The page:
Food and Nutrition Bulletin. 2011 Jun; 32(2 Suppl):S115-27.BACKGROUND: Renewed Efforts Against Child Hunger (REACH) is the joint United Nations initiative to address Millennium Development Goal (MDG) 10, Target 3, i.e., to halve the proportion of underweight children under 5 years old by 2015. The United Nations Food and Agriculture Organization (FAO), the World Health Organization (WHO), the United Nations Children's Fund (UNICEF), the World Food Programme (WFP), and the International Fund for Agricultural Development (IFAD) developed and tested a facilitation mechanism to act as a catalyst for scaling up multisectoral nutrition activities. OBJECTIVE: The UN-REACH partners developed pilot projects in Mauritania and Lao PDR from 2008 to 2010 and deployed facilitators to improve nutrition governance and coordination. Review missions were conducted in February 2011 to assess the REACH approach and what it achieved. METHODS: The UN review mission members reviewed documents, assessed policy and management indicators, conducted qualitative interviews, and discussed findings with key stakeholders, including the most senior UN nutrition directors from all agencies. RESULTS: Among other UN-REACH achievements, the Prime Minister of Mauritania agreed to preside over a new National Nutrition Development Council responsible for high-level decision-making and setting national policy objectives. REACH facilitated the completion of Lao's first national Nutrition Strategy and Plan of Action and formation of the multistakeholder Nutrition Task Force. During the REACH engagement, coordination, joint advocacy, situation analysis, policy development, and joint UN programming for nutrition were strengthened in Lao PDR and Mauritania. CONCLUSIONS: Improvements in the nutrition governance and management mechanisms in Mauritania and Lao PDR were observed during the period of REACH support through increased awareness of nutrition as a key development objective, establishment of governmental multisectoral coordinating mechanisms, improved government capacity, and new joint UN-government nutrition programming.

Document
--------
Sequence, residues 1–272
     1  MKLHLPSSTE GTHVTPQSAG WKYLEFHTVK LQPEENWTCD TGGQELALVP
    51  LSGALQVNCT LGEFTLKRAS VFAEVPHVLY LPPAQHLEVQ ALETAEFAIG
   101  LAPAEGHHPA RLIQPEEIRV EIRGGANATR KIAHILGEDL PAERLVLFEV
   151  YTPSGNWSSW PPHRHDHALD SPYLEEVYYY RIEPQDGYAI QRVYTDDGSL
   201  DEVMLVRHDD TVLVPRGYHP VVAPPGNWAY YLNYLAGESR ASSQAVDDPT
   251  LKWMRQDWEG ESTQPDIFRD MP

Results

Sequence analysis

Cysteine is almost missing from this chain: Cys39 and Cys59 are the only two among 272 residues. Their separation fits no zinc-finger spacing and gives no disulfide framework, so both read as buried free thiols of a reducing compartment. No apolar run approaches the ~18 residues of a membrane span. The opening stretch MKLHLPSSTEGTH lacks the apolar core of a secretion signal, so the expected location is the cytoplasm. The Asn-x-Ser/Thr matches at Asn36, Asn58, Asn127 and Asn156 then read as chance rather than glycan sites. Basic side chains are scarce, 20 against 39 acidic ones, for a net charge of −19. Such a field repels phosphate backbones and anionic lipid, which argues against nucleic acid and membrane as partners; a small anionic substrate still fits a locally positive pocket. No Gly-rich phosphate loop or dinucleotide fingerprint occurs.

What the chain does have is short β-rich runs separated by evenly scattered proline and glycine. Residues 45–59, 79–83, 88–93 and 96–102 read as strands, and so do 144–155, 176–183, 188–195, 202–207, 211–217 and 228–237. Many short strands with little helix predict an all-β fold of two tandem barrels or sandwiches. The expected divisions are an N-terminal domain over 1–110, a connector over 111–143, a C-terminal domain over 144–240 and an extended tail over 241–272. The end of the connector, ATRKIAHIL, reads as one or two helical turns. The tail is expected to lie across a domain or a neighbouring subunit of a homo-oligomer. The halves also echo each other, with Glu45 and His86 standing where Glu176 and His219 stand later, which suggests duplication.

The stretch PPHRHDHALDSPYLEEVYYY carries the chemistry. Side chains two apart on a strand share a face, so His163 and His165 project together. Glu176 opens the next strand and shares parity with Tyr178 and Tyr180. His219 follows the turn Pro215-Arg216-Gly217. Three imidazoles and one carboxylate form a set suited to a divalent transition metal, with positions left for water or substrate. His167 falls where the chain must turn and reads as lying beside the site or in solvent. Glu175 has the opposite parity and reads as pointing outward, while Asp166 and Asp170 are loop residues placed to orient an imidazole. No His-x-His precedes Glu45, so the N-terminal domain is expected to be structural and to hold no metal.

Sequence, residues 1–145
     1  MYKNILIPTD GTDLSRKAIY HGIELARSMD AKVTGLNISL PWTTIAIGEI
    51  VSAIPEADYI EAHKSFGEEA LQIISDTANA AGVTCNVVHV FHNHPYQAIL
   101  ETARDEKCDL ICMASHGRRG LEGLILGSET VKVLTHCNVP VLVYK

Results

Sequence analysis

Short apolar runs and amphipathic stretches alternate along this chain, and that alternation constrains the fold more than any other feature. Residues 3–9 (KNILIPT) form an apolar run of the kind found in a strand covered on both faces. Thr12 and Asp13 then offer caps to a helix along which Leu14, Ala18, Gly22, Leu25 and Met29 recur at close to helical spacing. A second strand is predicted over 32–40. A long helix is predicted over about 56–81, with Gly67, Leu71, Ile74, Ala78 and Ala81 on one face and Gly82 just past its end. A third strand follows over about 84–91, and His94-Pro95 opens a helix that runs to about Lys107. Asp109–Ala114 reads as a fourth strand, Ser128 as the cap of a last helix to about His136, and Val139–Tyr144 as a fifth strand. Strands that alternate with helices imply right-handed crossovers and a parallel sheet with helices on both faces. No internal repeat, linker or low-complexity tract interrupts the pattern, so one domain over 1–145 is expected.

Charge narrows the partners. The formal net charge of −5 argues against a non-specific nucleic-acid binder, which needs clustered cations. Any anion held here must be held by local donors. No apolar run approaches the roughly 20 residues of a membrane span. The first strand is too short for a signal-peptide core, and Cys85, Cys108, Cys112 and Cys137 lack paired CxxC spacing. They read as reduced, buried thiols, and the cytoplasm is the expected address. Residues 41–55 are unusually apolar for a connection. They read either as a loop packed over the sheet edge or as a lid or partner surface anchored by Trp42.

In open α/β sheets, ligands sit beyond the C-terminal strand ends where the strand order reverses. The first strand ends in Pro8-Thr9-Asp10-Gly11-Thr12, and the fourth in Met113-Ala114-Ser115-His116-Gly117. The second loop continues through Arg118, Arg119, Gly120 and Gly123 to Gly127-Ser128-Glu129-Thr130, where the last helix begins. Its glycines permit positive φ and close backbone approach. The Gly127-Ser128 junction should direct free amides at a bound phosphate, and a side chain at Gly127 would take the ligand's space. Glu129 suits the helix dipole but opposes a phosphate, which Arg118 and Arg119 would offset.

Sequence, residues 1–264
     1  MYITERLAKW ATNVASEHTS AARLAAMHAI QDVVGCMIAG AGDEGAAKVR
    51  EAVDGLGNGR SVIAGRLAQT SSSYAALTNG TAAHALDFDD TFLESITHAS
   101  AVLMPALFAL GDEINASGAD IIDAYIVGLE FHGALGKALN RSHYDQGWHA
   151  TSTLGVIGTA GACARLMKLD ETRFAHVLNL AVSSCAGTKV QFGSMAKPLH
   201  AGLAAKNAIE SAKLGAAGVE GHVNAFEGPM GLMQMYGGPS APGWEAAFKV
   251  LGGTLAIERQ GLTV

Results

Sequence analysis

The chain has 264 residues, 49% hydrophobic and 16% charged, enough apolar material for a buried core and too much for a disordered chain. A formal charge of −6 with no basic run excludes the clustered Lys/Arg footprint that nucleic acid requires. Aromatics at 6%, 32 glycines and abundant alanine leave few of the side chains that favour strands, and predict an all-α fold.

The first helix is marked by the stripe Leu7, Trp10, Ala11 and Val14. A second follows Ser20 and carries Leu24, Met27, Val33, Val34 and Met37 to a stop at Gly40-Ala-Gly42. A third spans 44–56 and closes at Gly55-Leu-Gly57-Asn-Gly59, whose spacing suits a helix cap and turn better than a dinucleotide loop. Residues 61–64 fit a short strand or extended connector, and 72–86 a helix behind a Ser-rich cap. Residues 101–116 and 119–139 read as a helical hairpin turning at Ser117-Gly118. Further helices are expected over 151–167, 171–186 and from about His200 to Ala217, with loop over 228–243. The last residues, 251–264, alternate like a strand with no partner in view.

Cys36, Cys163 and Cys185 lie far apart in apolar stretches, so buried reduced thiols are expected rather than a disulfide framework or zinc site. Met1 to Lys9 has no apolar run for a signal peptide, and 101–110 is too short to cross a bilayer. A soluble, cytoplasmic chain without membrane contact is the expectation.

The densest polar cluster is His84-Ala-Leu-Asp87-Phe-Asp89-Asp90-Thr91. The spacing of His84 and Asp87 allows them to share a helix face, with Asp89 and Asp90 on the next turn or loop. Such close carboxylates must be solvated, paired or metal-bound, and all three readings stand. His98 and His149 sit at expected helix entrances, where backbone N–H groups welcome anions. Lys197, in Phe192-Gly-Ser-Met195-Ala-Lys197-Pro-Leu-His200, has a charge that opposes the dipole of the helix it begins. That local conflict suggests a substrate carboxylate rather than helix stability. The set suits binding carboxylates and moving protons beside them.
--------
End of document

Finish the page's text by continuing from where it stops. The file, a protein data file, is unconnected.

MCN. American Journal of Maternal/Child Nursing. 2010 Jan-Feb; 35(1):63.The purpose of this article is to describe recent initiatives designed to improve outcomes for Bolivian women and children. It discusses the high infant and maternal mortality rates of Bolivia and stresses the importance of the international community partnering with the Bolivian government and healthcare personnel to provide support and assistance in a coordinated fashion to make a difference in the health and well-being of women and children.
From advocacy to access: Bangladesh. 360 degrees advocacy: Strengthening a weak contraceptive supply chain in Bangladesh. Fact chart.
London, England, IPPF, 2009 Nov.  p.In Bangladesh, the IPPF Member Association, the Family Planning Association of Bangladesh (FPAB), worked with the Ministry of Health and Family Welfare to improve the dysfunctional supply chain. Results to date include: The Ministry of Health reactivated the Logistical Coordination Forum, a donor, government and civil society led group, to identify and solve blockages in the supply chain; Capacity building and training for staff in the Logistics and Supply Unit were increased; The Ministry of Health and Family Welfare committed to using government resources to make up the shortfall from declining donor contributions.
Washington, D.C., The National Academies Press, 2008 Dec 15.  p.At this historic moment, the incoming Obama administration and leaders of the U.S. Congress have the opportunity to advance the welfare and prosperity of people within and beyond the borders of the United States through intensified and sustained attention to better health. The United States can improve the lives of millions around the world, while reflecting America's values and protecting and promoting the nation's interests. The Institute of Medicine-with the support of four U.S. government agencies and five private foundations-formed an independent committee to examine the United States' commitment to global health and to articulate a vision for future U.S. investments and activities in this area.